The year is 1918.
American "Doughboys" claw their way over-the-top of their trenches and charge into the smoke and cratered No-Man's Land.
A young Air Service Captain, by the name of Rickenbacker, twists and turns his Spad pursuit airplane in mortal aerial combat with the "Hun" at 10,000 feet.
U.S. Navy warships plow through high seas to protect a convoy of transports traveling slowly across the stormy Atlantic from the deadly German U-boat.
These scenes of World War I action (and thousands more like them) exist today on silent, black and white motion picture film. They were shot on-location, as history happened, by dedicated and courageous U.S. Army Signal Corps soldier-cameramen. These historic films are preserved in the National Archives and Records Administration (NARA) as part of what is one of the world's largest film archives. Many of the WWI titles are cataloged as part of the Record Group 111, Records of the Office of the Chief Signal Officer.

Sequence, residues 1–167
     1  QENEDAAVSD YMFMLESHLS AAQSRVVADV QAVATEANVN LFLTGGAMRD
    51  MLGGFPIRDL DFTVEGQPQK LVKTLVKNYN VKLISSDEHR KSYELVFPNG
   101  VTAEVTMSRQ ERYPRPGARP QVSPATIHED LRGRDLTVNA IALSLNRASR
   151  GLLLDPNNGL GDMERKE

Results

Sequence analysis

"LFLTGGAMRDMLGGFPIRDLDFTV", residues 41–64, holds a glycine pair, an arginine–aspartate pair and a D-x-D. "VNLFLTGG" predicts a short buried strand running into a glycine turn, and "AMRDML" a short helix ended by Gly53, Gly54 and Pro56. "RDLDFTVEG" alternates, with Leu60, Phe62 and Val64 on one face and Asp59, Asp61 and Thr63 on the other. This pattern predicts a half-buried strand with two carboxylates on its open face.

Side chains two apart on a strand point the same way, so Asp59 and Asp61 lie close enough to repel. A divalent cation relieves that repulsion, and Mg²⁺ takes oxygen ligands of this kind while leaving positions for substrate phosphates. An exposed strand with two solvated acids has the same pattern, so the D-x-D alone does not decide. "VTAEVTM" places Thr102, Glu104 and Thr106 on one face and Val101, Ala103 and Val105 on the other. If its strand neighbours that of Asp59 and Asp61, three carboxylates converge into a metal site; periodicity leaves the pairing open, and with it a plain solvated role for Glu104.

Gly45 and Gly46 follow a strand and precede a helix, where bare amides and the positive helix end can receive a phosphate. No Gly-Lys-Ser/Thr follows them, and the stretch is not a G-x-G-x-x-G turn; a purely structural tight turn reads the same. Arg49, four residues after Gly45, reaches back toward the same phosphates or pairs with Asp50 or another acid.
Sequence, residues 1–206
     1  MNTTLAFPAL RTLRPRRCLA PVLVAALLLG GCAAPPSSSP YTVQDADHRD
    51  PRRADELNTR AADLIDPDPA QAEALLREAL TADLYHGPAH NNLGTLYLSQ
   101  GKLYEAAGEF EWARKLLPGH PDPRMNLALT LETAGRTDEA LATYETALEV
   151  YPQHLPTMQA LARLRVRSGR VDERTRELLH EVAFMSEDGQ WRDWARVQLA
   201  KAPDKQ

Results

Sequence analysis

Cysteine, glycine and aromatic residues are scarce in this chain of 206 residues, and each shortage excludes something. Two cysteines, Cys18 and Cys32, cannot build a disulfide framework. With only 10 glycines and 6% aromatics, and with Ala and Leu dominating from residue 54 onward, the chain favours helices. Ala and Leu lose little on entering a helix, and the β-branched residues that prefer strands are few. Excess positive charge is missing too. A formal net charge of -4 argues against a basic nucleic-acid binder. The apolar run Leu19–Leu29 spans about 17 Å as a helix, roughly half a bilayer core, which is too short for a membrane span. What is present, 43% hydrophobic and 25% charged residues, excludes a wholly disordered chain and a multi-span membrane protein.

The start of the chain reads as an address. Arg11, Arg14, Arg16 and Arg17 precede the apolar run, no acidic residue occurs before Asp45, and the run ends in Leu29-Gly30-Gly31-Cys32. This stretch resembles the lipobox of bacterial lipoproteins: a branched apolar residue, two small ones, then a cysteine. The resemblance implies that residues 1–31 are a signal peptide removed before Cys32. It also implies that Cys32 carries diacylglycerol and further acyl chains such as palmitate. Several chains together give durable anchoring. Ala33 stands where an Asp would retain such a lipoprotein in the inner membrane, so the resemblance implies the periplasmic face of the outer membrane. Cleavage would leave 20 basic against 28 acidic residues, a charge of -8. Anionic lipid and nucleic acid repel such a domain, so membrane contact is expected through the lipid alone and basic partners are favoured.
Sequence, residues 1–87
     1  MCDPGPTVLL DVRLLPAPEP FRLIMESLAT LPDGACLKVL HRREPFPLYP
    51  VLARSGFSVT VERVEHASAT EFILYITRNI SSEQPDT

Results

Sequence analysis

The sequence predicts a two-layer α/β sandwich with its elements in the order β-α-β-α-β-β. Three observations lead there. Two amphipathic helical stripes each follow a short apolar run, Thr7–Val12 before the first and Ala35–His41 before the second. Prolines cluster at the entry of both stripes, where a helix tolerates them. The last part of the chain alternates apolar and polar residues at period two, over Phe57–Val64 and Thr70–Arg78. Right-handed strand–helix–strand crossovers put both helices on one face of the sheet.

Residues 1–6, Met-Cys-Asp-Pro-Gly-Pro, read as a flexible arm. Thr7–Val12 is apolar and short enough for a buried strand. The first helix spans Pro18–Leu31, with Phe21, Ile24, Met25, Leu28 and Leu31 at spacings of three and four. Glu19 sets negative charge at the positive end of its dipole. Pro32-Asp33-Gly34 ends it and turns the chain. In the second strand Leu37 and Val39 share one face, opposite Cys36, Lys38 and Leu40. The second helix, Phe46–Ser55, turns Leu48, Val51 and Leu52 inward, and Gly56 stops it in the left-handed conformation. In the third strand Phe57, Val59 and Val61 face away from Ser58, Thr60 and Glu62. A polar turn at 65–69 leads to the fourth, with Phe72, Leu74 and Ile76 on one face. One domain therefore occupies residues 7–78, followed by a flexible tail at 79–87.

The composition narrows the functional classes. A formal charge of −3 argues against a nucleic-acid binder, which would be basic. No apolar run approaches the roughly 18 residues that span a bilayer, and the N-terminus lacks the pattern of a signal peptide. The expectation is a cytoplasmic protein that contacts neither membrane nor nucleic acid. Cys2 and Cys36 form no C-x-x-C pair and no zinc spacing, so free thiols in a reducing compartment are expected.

For the first time, in book form, there is concise information about the surviving motion pictures that were taken during what was known then as the Great War, over 100 years ago. This, the Second Edition of Battlefilm, details 488 film titles that cover America's part in this conflict. Each of the 993 reels of action is described using data gathered from actual Army records. Also included are films produced and donated (or seized) by Allied and Central Power countries.
This information-packed catalog and guide is designed to help you find the films and scenes you need through the books' logical layout and an extensive index. Also included is the NARA catalog number for each title so that you can conduct further research or order a copy for your own film or video collection.